Take Your Timeline Into Account
One of the biggest factors that affects how much you can withdraw is how many years of retirement you plan to fund from your retirement savings. Say you plan on a retirement of 30 years, you invest in a balanced portfolio, and want a high level of confidence that you won’t run out of money. Our research shows that a 4.5% withdrawal rate would have been sustainable 90% of the time .2
But if you work longersay you expect to retire at age 70or if you have health issues that compromise your life expectancy, you may want to plan on a shorter retirement periodsay, 25 years. The historical analysis shows that, over a 25-year retirement period, a 4.9% withdrawal rate has worked 90% of the time.
On the other hand, if you are retiring at age 60 or have a family history of longevity, you may want to plan for a 35-year retirement. In that case, 4.3% was the most you could withdraw for a plan that worked in 90% of the historical periods. These may sound like small differences, but they could equate to thousands of dollars in annual retirement income.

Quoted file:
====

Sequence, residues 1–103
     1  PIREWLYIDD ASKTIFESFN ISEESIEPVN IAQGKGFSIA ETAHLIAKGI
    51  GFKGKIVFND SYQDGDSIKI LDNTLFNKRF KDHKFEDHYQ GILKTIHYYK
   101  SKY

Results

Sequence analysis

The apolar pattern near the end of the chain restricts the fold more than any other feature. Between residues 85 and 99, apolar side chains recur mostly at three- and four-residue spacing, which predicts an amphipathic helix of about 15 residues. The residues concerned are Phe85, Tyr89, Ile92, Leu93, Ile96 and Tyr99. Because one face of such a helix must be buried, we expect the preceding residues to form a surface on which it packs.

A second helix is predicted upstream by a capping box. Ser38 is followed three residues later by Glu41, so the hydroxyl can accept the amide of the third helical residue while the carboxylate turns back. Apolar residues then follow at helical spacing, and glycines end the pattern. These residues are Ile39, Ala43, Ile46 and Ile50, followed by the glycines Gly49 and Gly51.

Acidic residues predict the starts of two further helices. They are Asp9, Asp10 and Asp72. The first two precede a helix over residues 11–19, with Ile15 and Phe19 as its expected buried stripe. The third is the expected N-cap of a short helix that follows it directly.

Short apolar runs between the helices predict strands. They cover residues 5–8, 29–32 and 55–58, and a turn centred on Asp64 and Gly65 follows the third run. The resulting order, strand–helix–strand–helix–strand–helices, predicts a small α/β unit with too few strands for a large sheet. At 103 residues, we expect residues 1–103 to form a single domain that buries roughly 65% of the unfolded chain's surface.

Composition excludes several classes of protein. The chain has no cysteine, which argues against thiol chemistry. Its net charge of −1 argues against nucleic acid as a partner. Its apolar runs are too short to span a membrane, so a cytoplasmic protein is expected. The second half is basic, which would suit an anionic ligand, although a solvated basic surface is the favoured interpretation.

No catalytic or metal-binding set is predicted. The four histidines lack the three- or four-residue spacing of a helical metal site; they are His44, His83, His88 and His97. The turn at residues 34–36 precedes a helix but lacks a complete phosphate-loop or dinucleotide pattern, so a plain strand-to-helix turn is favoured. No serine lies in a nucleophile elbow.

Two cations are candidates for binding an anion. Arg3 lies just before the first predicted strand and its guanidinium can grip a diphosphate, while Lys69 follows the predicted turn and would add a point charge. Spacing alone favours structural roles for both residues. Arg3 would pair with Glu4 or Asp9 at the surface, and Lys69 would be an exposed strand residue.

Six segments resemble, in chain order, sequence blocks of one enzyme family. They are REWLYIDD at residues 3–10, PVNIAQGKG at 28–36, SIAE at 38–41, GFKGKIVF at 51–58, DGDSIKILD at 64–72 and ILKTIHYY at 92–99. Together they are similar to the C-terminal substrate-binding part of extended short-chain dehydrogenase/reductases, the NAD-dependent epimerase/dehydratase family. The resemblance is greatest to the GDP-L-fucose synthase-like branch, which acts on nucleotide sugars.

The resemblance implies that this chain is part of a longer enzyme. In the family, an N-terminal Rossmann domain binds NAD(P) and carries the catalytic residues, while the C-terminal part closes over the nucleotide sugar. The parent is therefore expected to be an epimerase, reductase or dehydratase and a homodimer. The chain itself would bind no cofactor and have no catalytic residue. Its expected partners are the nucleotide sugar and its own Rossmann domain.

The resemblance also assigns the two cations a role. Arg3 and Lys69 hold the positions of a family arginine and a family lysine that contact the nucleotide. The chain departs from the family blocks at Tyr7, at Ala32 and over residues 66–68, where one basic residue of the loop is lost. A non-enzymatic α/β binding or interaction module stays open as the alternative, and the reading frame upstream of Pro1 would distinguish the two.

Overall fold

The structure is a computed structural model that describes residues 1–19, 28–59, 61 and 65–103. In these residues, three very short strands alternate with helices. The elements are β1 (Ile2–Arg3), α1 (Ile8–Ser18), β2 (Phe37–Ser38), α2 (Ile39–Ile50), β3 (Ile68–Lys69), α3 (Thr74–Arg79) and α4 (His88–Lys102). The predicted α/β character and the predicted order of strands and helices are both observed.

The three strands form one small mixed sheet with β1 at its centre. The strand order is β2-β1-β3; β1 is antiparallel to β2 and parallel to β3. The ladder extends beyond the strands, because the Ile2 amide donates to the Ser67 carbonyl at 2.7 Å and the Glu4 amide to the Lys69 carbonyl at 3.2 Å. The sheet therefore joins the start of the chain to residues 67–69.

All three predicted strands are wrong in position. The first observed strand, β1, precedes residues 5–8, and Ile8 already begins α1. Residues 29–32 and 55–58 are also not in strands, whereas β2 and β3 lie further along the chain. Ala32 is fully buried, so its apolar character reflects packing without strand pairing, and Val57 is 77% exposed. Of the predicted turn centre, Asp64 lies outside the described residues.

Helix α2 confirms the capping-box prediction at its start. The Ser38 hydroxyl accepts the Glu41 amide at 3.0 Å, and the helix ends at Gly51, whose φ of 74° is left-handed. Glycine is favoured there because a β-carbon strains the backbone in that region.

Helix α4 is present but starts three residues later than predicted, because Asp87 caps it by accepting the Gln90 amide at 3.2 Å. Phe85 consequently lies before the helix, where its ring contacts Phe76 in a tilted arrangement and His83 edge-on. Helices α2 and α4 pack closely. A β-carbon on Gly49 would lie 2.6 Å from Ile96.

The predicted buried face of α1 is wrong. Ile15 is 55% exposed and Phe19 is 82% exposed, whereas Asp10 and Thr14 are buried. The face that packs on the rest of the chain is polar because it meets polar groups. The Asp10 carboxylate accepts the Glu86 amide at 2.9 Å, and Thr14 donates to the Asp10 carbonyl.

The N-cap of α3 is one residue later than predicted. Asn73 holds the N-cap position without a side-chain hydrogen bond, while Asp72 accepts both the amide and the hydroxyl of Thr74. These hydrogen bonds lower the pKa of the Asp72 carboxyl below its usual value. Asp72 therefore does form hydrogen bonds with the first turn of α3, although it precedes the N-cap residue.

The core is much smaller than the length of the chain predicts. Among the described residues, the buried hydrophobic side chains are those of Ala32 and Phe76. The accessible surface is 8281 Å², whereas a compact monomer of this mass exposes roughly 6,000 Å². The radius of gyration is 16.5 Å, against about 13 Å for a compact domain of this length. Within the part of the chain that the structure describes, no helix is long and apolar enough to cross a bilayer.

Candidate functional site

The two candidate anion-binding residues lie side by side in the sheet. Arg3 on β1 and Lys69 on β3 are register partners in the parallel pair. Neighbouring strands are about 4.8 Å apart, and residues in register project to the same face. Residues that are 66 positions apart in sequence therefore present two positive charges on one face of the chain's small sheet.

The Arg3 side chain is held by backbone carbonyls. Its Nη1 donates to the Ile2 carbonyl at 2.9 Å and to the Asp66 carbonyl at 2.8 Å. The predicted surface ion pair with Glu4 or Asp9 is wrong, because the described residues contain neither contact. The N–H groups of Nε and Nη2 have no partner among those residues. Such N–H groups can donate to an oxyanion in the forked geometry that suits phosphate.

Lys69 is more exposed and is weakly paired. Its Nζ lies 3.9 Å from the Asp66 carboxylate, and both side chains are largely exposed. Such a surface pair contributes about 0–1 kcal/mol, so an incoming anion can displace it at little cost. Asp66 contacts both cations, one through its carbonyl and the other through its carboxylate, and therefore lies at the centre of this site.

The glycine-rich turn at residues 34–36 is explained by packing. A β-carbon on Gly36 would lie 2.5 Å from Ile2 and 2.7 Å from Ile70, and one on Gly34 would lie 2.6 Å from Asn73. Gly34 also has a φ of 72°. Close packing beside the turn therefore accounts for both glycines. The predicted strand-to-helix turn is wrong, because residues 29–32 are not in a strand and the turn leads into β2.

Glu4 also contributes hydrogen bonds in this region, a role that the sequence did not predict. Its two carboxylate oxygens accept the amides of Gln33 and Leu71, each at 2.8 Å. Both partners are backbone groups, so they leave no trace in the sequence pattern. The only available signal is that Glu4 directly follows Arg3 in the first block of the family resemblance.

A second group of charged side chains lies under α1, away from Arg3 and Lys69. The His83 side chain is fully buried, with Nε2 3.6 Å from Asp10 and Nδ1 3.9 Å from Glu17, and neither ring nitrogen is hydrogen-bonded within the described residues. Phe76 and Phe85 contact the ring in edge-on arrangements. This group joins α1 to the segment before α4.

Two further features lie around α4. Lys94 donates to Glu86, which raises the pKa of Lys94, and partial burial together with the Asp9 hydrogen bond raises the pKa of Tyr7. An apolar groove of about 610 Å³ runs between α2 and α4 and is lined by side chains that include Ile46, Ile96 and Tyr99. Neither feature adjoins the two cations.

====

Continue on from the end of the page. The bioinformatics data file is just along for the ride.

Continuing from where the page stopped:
The good news is that even with the market’s historical ups and downs, these withdrawal amounts worked most of the timeassuming that investors stuck to this balanced investment plan. The takeaway from this analysis is that the longer your retirement lasts, the lower the sustainable withdrawal rate.
Past performance is no guarantee of future results.
Why You Will Need $2 Million To Retire
Modified date: May. 17, 2021
in which 12-year-old Preston writes himself a check for $1 million and lives in the lap of luxury. Even in 1994, when the movie was made, it was absurd to think he could buy the things he did with just $1 million . That wasnt reality.
And today, the truth is, even $2 million isnt as much money as we think it is.
When we plan for retirement, we focus on how much money we think well need.